With all the technological advancements in digital cameras these days, making a worthy film shouldn’t be such a hard task, should it? Well, if you’ve never given it a go, you should be aware of some of the challenges that can come into play. First off, chances are with a limited budget you won’t be able to pay the cast and crew for their hard work. Therefore, to keep these people invested in the project it helps to find people who are as passionate about it as you are. This can save a lot of headaches later down the road, so choose wisely. It helps to gather skilled people who are eager to build their IMDb credits or their resumes, and who are reliable and punctual. Networking can be invaluable to accumulating the right people, but sometimes colleges, local theaters, or Craigslist can be helpful to find that certain someone. Also, casting someone just because he or she is your friend might hurt the project in the end if his or her acting skills are not yet fully realized. If it sounds like you’re going to need to be a boss, then you get the picture. While some actors may relish the thought of taking the lead like this, others may have a hard time dealing with a chronically late DP, for example, who is taking a toll on the morale on set. Also make sure to have knowledge of proper sound equipment and protocol–or if you don’t, have access to someone who does. New filmmakers often overlook sound quality thinking the mic on the camera is sufficient; but, they come to learn that a stunning visual is not worth much if the sound proves to be problematic. Likewise, you can help prevent frustration in the editing room by positioning someone to use a slate during the shoot. 

A Strong Storyline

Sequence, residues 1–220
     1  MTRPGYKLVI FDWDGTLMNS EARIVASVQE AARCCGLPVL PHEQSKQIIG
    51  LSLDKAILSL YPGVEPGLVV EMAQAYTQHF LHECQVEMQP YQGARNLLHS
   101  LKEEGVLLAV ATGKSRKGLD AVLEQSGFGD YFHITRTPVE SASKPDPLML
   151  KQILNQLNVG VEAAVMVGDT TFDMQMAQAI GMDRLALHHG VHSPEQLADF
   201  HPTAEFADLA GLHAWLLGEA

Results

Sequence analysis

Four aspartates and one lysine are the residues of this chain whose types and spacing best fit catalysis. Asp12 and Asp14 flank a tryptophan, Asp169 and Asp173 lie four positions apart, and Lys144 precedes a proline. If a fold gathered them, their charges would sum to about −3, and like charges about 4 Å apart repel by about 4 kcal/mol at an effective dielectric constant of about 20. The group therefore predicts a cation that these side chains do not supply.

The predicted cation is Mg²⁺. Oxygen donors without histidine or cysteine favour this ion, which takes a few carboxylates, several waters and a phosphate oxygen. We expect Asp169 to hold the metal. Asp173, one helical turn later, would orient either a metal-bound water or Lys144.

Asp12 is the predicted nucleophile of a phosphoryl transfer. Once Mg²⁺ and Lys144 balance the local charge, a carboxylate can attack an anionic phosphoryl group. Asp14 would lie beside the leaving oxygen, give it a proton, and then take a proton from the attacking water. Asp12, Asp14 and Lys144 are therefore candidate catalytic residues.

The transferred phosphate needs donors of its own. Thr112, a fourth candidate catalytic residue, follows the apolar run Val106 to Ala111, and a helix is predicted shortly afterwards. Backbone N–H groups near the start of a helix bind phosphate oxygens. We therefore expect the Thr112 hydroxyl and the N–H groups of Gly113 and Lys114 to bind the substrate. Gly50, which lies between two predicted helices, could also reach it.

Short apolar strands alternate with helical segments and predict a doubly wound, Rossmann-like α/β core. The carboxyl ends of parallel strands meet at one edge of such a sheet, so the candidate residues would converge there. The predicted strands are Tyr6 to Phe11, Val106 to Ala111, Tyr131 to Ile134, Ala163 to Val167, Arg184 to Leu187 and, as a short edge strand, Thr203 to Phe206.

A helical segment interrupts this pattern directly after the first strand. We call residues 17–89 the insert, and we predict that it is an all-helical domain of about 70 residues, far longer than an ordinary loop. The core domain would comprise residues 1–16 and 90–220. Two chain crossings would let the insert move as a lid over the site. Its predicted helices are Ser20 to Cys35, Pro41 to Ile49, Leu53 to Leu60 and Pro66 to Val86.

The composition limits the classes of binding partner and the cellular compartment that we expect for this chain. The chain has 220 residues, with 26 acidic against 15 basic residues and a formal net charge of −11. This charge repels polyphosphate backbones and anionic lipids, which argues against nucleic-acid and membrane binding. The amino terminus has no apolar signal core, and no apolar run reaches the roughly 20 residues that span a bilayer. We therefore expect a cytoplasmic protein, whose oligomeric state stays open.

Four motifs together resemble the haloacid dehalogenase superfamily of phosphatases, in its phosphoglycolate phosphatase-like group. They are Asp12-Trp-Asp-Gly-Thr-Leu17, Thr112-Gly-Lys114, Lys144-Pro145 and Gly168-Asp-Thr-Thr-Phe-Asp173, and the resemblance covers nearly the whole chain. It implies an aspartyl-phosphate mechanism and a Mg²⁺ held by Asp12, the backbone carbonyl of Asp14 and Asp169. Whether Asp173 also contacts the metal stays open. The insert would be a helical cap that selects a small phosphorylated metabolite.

In addition to finding that great cast and crew, you don’t want to underestimate the importance of having a compelling storyline and a well-written script from which to work. Run it past others for feedback. After all, it’s much easier to tackle problems when a project is in script form than later on after you’ve been shooting and the money has run out, or your cast and crew have moved on to their next projects.

Keeping Things Simple

If you have a tight budget, you can save time and money by shooting outside during the day. Otherwise, you’ll want someone who knows how to light a set properly. Other ways to keep things simple is to film yourself performing a captivating monologue, but here again, make sure the lighting and sound are up to par. But if you’re working with others, one place not to skimp is on food. Providing meals and snacks for your cast and crew keeps them energized, ready to work, and keeps morale up.

Choosing a Format

With all the marketing avenues you can take with your content, it’s helpful to know before you pursue your project what your desired outcome is. Do you simply want to fill out your actor reel? Make a Web series? Produce a trailer to post on websites like Kickstarter to raise funds for a feature? Your decision makes a difference in regards to the size of your budget as well as if you plan to, say, post the content on YouTube. Be aware that short films submitted to festivals require registration fees, and your project might not be selected after all; but, if it is selected you might need travel expenses, and posters or postcards made. You might need to be flexible; running out of money while making a feature can lead you to other options like using your content for a short or Web series, for example. 

Follow Your Passion

Most importantly, follow your heart. If you’re enthusiastic about the work, it will show. It also might motivate you to dig into iMovie or Final Cut Pro or varieties of camera lenses or script writing. You might find you’re increasingly eager to have your projects be seen through sites like YouTube, Vimeo, and Blip or in film festivals. Certainly, add the footage to your actor reel. By putting your signature on a project that you believe in, you build your confidence, continue growing as an artist, and promote your acting career. It’s in your hands to create the projects you see yourself performing in.